Section 9 sound recording communication to the public rights also known as “needle-time” rights are under-represented in South Africa, with only an estimated 15% of potential clients actually taking licenses. These rights are licensed to radio and TV broadcasters, retailers, banks, shopping malls, sport stadiums, restaurants and venues of various descriptions when they communicate a sound recording to the public.
Except for a period between 1916 and 1965, there was historically no legislation for needle-time rights in South Africa. In 1961 South Africa declined to ratify and become a signatory to the Rome Convention for the Protection of Performers, Producers of Phonograms and Broadcasting Organizations.
Recording Industry of South Africa (RISA) championed the campaign for needle-time from 1988 until 2002 when they created the South African Music Performance Association (SAMPRA). SAMPRA received a Section 3(1)a accreditation in 2008, which made South Africa the 52nd country to introduce these rights. SAMPRA appointed one member, RISA and administered the rights on their behalf, although RISA, as a trade association never had any needletime rights from its members to offer SAMPRA.
As 75% of SAMROs composer members are also performers on sound recordings, SAMRO decided to apply for a licence and were awarded a Section 3(1)b accreditation in 2008, for the representation of performers only. SAMROs legal status as a composer’s rights organisation administering rights on behalf of performers came under question. The Performers Organisation of South Africa (POSA Trust) was established in 2009 to administer this right.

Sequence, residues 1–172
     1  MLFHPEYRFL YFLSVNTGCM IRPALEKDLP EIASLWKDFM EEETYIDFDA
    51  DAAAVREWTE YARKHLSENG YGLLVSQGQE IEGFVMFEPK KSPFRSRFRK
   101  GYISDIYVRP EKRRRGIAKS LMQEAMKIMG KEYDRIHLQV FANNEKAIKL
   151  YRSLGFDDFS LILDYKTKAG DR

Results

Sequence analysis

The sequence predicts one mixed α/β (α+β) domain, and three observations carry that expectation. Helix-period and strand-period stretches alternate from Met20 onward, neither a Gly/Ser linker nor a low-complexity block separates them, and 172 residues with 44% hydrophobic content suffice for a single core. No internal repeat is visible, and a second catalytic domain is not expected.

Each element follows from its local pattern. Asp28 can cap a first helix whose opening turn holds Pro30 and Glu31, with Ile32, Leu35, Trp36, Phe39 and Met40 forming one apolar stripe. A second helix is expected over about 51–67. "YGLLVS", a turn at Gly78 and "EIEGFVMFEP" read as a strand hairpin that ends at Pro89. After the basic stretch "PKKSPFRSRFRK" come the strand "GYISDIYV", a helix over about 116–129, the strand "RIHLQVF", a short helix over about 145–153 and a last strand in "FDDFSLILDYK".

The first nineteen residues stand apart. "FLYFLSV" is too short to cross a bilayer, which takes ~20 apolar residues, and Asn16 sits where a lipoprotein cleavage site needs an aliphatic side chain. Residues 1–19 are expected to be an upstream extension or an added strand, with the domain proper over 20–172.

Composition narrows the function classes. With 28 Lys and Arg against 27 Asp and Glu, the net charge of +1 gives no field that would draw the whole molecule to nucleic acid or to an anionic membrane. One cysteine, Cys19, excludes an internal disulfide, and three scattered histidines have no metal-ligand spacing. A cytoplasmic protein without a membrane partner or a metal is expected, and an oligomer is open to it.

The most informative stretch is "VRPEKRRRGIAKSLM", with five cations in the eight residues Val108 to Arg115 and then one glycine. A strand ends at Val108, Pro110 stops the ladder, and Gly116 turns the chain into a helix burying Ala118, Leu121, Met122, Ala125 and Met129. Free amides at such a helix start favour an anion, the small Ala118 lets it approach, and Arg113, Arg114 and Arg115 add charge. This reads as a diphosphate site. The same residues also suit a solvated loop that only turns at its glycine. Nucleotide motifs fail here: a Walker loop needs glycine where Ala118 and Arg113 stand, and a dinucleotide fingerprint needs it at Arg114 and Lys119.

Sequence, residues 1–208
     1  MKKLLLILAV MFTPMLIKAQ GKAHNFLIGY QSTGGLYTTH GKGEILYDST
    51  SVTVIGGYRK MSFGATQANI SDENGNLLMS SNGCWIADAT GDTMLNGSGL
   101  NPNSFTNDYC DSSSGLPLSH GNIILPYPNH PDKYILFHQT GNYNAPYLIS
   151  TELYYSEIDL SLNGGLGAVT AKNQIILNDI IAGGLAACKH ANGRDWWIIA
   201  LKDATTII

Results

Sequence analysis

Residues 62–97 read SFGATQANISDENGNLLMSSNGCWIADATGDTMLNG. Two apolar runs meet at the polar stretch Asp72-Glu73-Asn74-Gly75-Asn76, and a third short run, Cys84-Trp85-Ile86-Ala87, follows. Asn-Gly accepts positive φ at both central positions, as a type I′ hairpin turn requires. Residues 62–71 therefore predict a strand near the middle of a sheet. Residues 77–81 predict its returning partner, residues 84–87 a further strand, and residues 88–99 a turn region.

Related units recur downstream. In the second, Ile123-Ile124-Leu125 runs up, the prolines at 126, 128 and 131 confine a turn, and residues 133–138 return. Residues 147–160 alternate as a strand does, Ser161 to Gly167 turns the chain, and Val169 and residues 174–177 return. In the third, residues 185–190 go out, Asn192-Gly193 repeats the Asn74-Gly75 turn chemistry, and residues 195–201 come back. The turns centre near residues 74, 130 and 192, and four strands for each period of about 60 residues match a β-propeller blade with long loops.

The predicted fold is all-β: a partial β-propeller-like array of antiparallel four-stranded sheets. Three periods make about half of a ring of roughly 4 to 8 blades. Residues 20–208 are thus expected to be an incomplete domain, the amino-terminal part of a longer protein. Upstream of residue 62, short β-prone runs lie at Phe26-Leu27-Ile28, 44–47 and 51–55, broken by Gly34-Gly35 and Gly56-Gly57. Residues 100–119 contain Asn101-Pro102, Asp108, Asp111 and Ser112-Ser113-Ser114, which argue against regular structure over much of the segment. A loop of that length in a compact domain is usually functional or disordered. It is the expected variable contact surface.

“A 3(1)b does not have the right to licence. The right to licence resides with a 3(1)a or c, This was a new right and no one had the knowledge of how it should be administered,” explained Pfanani Lishivha, MD of POSA at the time and now CEO of SAMPRA. Lishiva started his career at ICASA before joining SAMRO as a Business Manager.
POSAs first act was to block SAMPRA through the Registrar. SAMPRA had more than 3000 record company members, including the big three record labels, Sony Music, Universal Music and Warner Music. In June 2009 SAMPRA was preparing to make their first pay-out. POSAs demands were a 50/50 split on all collections. This could not be met by SAMPRA as performers and record labels all have different contractual agreements. In 2013 POSA took SAMPRA to court.
Chairman of the POSA board at the time Sibongile Khumalo’s announced: “This is a battle for redress, for justice. This is our sweat and blood, our creativity. It is about income that should be coming our way. It is a Human Right.” South Africa was one of the early implementers of Needletime rights, but in 1964 these rights were withdrawn and were not re-established until 2002, after a battle that began in the early 90s. It took more than another decade before rates were agreed with broadcasters and to this day record labels and musicians have been paid a small percentage of what is owed to them historically.